When I placed the empty frames near the hives the bee and other insects just went completely crazy. They were all over the frames cleaning them of the residual honey. I looked this morning and saw (photo) bees feeding happily next to wasps; their heads deep in the honey cells and their bottoms pointing up in the air. It was a comical sight. The frames were cleaned of honey in no time at all.

I noticed that the mornings are turning cooler even though we are having our usual September sunny days. Horse chestnut trees near by are ripening with nuts. Autumn is not far behind.

Wednesday, 25 August 2010

The colour of summer

We are now heading towards the end of another beekeeping season. Summer is near its end and I have just harvested my second and last crop of honey for the year.

The photo shows the difference between the Spring (right) and the Summer honey. It is known that as seasons progress honey acquires a darker colour. We can certainly see this in the photo. In terms of taste my summer honey is a touch sweeter, but still taste as good as the Spring crop.

I inspected both hive this morning (got stung on my backside) and was surprise how many seal brood cells and grubs there are in HV1. I saw the queen(HV1) for the second time this season. She clearly has a busy years so far. HV2 is still small, but is looking healthy and good. Both hives are left with a super of honey: HV1 has about 6 full frames, and HV2 has about 4. I am starting to think about preparing for the winter, treating the hives for Varroa, and feeding the bees. Generally getting them ready for the winter.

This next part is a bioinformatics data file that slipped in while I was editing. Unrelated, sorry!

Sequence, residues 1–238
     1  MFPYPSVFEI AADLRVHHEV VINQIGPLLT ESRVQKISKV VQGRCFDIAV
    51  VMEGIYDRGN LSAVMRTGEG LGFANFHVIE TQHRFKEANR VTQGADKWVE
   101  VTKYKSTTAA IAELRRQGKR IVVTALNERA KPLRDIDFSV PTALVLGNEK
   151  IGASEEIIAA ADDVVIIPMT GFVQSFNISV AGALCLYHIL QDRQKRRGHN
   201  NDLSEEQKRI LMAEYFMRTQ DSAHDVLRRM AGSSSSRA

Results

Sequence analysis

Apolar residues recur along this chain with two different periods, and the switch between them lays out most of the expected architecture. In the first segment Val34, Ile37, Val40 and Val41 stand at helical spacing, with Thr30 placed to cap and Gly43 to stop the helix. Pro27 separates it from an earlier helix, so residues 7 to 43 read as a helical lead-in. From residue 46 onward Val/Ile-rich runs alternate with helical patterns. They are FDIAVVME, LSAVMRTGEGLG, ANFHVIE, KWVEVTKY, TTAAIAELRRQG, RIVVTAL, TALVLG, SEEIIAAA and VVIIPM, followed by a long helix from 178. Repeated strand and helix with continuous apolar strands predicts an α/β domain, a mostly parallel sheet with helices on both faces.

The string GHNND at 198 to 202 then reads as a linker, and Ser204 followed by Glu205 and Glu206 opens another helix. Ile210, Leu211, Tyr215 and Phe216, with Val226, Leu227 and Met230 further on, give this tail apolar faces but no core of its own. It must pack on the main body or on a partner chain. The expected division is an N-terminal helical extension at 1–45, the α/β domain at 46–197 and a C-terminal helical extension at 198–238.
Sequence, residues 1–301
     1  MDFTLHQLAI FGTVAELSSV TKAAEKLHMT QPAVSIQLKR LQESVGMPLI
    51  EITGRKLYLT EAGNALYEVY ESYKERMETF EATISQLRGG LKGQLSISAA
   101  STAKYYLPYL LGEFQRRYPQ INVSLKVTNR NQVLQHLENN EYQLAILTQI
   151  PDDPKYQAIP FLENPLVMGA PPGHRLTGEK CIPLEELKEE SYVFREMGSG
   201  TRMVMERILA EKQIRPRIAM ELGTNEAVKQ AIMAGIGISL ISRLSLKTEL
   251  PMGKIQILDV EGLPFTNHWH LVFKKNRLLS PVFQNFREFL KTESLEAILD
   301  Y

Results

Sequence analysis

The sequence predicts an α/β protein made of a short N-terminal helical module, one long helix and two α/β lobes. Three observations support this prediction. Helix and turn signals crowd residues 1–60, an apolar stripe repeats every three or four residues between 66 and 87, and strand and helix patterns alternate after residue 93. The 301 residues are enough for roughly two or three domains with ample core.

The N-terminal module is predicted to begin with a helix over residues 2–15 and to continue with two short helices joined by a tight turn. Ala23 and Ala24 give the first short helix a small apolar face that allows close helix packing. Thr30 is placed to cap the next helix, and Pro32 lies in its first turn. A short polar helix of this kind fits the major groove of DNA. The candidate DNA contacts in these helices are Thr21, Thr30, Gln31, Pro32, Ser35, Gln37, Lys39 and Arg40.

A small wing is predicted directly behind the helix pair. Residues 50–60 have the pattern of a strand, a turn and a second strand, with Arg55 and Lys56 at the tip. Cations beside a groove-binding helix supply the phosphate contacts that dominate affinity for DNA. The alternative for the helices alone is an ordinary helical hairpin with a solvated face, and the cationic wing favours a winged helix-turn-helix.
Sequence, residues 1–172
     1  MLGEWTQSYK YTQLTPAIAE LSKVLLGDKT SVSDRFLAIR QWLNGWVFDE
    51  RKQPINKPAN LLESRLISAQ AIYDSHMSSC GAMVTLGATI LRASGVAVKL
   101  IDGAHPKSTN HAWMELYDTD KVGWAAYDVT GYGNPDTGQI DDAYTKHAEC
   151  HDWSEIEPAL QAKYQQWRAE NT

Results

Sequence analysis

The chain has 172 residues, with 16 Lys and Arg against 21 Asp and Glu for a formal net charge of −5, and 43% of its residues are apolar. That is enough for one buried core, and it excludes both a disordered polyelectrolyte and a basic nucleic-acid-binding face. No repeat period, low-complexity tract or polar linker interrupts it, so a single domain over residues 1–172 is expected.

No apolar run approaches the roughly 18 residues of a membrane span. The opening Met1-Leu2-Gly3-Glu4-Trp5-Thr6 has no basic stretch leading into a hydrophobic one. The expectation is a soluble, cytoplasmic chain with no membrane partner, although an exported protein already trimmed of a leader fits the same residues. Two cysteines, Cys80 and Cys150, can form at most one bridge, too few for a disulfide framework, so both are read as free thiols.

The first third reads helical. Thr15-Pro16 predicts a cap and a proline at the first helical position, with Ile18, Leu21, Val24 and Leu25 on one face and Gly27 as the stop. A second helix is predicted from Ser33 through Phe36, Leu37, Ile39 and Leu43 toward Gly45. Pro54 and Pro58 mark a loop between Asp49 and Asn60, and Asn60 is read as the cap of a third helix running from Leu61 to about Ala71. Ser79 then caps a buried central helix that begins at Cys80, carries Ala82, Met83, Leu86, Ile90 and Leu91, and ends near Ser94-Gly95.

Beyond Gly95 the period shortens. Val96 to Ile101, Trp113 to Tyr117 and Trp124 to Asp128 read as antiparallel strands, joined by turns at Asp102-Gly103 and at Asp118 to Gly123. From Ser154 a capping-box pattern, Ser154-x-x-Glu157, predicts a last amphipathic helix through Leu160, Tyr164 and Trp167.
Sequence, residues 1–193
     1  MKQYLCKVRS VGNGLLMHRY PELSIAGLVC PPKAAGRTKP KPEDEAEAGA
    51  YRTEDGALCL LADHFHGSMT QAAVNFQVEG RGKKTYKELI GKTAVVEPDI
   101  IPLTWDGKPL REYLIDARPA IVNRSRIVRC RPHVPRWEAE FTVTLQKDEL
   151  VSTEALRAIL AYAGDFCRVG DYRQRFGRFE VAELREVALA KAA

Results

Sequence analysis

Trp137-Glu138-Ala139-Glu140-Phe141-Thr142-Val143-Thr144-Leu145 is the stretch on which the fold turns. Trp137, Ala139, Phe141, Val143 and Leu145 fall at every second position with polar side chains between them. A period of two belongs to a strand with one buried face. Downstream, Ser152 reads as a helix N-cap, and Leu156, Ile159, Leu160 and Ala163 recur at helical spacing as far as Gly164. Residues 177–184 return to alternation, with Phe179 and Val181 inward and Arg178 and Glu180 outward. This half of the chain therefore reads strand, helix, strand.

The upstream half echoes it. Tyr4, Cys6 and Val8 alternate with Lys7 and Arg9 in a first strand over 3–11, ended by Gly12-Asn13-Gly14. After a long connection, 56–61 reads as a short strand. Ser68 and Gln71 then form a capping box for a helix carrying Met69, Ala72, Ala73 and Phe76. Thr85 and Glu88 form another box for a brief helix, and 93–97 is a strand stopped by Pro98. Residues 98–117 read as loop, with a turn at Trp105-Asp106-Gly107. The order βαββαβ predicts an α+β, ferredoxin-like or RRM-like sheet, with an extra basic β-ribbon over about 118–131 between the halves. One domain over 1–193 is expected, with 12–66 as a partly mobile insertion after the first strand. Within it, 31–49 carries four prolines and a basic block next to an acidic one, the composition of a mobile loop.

I noticed that my sun flower has yet to open up and we are already at the end of August. This season has been a strange one with many keepers saying that honey flow came to a stop suddenly in July where as June is suppose the month when there is a gap in honey flow. I expect there will be a little bit of nectar around before the season comes to an end. Whatever the bees collect from now on will be theirs. For me they have produced a total of over 50 lb of honey, It's modest, but very welcome.